Three days after she had LASIK surgery at another institution, 19-year-old Amy Truong noticed a white spot in her right eye. When a three-week course of antibiotics failed to resolve the issue, her eye surgeon referred her to cornea and external disease specialist Gene Kim, MD, at the Robert Cizik Eye Clinic.

Using the clinic’s confocal microscope, Dr. Kim took high-resolution images without sacrificing any tissue from Truong’s cornea. Twenty minutes later, he knew she had a fungal infection. “We prescribed antifungal eye drops and an oral medication for a few days, but because the fungus had been there for three weeks prior to treatment, it damaged and eventually perforated the cornea,” he says. “We had to do an urgent corneal transplant on a Friday evening.”

Therapeutic corneal transplants are frequently done in cases of fungi or parasites, which are difficult to treat. “If one of the three medications we have available doesn’t work and the fungus spreads to other parts of the eye, the patient is at risk of losing the eye. Rather than waiting until no options are available, we remove the infection while it is still contained within the cornea.”

Following the transplant, Truong had issues with transplant rejection. To counter the rejection, Dr. Kim prescribed a medium dose of steroids. “We were light on the steroids because the medication can cause the fungus and infection to worsen. We want to remove all the fungus – if there’s even a small amount left, it will spread. So we have to find a good balance, which makes post-infection transplants difficult to manage. If you prescribe steroids to prevent rejection, the medication can cause the original problem to worsen. We watched her very closely and saw her often to find the right balance.”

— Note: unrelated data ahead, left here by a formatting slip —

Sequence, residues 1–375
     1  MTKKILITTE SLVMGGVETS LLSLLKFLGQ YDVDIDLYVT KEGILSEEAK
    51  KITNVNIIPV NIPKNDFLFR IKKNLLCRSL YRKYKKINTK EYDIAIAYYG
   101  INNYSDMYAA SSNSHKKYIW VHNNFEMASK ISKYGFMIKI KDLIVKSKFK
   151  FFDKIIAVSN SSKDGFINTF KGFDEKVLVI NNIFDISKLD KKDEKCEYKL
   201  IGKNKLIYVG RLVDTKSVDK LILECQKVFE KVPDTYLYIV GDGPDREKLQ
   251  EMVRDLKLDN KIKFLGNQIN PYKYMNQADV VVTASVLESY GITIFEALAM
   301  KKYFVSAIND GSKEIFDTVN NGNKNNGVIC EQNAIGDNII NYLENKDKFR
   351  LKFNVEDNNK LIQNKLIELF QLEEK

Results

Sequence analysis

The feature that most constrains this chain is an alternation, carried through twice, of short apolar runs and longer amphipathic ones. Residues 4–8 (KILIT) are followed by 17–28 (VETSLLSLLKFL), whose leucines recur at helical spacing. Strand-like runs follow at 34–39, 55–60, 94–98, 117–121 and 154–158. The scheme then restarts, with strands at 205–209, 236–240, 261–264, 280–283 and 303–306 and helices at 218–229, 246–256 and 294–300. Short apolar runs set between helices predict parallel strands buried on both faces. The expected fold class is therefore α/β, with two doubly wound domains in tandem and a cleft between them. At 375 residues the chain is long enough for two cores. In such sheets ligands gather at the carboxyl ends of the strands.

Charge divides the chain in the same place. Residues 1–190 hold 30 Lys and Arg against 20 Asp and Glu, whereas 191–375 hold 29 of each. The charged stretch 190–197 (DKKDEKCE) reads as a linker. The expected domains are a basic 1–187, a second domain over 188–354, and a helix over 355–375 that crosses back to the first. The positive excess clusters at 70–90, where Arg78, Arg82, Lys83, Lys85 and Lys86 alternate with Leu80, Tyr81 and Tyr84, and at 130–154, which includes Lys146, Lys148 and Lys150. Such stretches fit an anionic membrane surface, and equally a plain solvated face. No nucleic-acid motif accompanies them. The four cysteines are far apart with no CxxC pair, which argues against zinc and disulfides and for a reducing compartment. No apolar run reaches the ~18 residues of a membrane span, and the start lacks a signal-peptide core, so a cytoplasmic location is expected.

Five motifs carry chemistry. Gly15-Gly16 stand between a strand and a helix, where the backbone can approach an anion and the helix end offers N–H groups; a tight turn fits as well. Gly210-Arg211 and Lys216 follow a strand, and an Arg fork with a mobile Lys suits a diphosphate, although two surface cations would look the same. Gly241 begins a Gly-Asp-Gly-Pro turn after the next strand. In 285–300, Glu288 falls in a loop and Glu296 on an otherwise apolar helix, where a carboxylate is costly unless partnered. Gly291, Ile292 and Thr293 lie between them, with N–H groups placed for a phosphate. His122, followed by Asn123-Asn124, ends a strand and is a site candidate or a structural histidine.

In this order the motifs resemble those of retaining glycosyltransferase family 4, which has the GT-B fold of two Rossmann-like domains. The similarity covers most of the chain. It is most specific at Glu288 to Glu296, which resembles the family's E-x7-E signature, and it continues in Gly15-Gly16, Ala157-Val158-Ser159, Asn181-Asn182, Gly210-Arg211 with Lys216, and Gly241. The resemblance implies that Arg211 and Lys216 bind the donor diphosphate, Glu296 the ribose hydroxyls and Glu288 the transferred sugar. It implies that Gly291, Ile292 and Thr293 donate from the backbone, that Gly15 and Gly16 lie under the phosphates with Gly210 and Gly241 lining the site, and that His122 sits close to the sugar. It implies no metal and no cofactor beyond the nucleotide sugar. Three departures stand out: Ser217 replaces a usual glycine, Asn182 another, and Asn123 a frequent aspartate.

Truong says getting rid of the infection was “such a relief. The surgery and recovery were nothing compared to dealing with the infection, which left me feeling emotionally unstable for a very long time.”

In September 2014, a year after Truong’s surgery, Dr. Kim removed the 16 sutures of her cornea transplant. Today, she’s 20 and fungus free. She’s also working through core courses at Lone Star College, with plans to complete her associate degree in nursing and go on to UTHealth School of Nursing for her B.S.N. Her eye looks normal and is doing well.

“Dr. Kim is literally my hero,” she says. “He knows how to care for people physically and emotionally. I felt I had had such bad luck, but then was so blessed to meet him. He was always honest and straightforward with me. I never once felt lost when I was with him.”